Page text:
Even if you don’t play games, you’ve at least heard of Pokémon Go by now or know someone who’s playing it.
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There’s been a flood of news on Pokémon-related robberies, injuries and even over-walked dogs all on the heels of the game’s wildly successful launch. In fact, more than 15 million people have downloaded the gaming app since it became available in the U.S. earlier this month, according to research firm SensorTower, an app analytics company.
While the app itself is free, there are several ways the game can end up costing users, and not just in time spent playing it. Here are four ways Pokémon Go, or PoGo for short, can negatively impact your bottom line, plus some tips for ways to ensure it doesn’t.
1. Data Usage
This game is a data hog, there are no two ways about it. But there are things you can do to make sure you don’t start paying your cellular provider extra for data overages.
According to the Pokémon Go Database, the app can average from 2MB to 8MB or more of data usage per hour of play, depending on what kind of gameplay you’re taking part in (battling, capturing, walking).
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The site said that “if half of a 2GB data plan is allocated to playing Pokémon Go, users can reasonably expect to play four to six hours per day without any issue. If Pokémon Go is played for more than six hours per day, an upgraded data plan may be needed.”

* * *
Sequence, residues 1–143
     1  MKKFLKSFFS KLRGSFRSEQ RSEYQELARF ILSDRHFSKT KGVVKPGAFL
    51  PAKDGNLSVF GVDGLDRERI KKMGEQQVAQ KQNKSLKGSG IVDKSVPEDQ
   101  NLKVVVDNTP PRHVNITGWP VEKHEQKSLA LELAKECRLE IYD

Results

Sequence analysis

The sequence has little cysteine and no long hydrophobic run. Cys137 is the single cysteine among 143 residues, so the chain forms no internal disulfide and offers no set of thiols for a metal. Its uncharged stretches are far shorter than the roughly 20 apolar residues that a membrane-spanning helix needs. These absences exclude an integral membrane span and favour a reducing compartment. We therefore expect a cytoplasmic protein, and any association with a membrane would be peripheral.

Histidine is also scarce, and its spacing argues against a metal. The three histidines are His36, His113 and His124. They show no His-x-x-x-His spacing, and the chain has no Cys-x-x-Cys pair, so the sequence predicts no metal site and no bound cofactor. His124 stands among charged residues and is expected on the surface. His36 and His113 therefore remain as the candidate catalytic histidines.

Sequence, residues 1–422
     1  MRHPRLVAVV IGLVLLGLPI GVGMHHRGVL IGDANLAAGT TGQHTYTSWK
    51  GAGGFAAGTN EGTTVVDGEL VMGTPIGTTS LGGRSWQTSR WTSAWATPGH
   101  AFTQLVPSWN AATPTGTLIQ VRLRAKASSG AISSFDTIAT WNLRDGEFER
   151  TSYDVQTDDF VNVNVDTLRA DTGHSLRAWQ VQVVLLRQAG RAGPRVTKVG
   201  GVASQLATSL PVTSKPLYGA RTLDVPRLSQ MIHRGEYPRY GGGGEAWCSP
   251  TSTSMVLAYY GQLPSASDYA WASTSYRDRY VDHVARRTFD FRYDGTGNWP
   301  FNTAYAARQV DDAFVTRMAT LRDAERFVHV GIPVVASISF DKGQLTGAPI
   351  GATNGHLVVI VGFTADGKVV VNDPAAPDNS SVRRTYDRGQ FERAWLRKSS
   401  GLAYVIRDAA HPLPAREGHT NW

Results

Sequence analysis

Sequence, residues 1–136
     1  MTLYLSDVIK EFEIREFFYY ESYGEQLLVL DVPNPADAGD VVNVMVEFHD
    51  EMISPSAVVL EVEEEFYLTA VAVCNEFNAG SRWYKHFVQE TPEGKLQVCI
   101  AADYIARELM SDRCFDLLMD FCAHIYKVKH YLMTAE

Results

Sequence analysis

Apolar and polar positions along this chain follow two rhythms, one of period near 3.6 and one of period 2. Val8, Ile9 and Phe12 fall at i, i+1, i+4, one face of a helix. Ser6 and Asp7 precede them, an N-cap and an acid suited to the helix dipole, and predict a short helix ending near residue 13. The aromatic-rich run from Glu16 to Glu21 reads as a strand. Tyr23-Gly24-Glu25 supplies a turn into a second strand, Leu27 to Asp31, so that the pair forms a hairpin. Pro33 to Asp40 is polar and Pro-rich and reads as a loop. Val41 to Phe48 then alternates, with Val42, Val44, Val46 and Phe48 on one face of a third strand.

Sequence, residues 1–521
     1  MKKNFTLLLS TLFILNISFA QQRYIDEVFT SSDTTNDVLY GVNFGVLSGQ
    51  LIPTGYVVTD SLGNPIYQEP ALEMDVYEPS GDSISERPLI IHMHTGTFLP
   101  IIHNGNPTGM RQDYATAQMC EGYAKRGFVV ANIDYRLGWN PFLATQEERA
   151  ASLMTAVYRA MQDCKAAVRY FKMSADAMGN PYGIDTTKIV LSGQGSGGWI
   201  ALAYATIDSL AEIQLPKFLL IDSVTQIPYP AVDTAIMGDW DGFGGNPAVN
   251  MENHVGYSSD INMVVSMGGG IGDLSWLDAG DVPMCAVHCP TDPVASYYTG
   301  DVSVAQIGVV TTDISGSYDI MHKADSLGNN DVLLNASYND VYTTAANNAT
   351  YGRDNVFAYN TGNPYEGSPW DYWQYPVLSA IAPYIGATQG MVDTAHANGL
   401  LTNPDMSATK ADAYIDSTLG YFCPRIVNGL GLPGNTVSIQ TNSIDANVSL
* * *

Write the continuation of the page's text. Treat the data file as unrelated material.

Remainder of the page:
If an upgraded data plan isn’t in your budget or you just don’t want to shell out more money each month, there are some ways to reduce the data you use. Pokémon Go Database has several recommendations, including:
- Download applications and updates only using Wi-Fi
- Play only in areas where Wi-Fi is available
- Set a data limit
- Limit/remove high data-consuming apps
2. In-Game Purchases
According to a report by Quartz, based on data from SensorTower, U.S. Po-Go players using iOS already are spending about $1.6 million each day on in-app purchases. And Statista reports that worldwide revenue for Po-Go in-app purchases is expected to hit $58.2 billion this year and reach $76.5 billion in 2017.
But is spending real-world dollars to acquire virtual PoGo tools worth it? It could be if you’re offsetting the costs on what you’d spend on other entertainment and even gym fees.
PoGo player Michelle McGuinness, 29, says it is absolutely worth it to make in-app purchases.
“I pay $40 to $60 for games all the time, and I play them for maybe 40 hours,” the Seattle resident said. “I will blow past 40 hours of gameplay in Pokémon Go, and the app was 100% free. Throwing them $5 or $10 or $20, or even more, seems well worth it considering how much enjoyment I’ve gotten out of it. Even if I stop playing in a month, they’ve earned a few dollars from me, and I suspect I’ll be playing for well longer than a month.
“Plus, getting up and walking during work has made me noticeably happier,” she said. “The benefit isn’t just fun or exercise. I’m in a better mood all day. My boyfriend is exercising! He’s an active person, but he never once did cardio voluntarily. Now he’s walking, like, four miles a day.”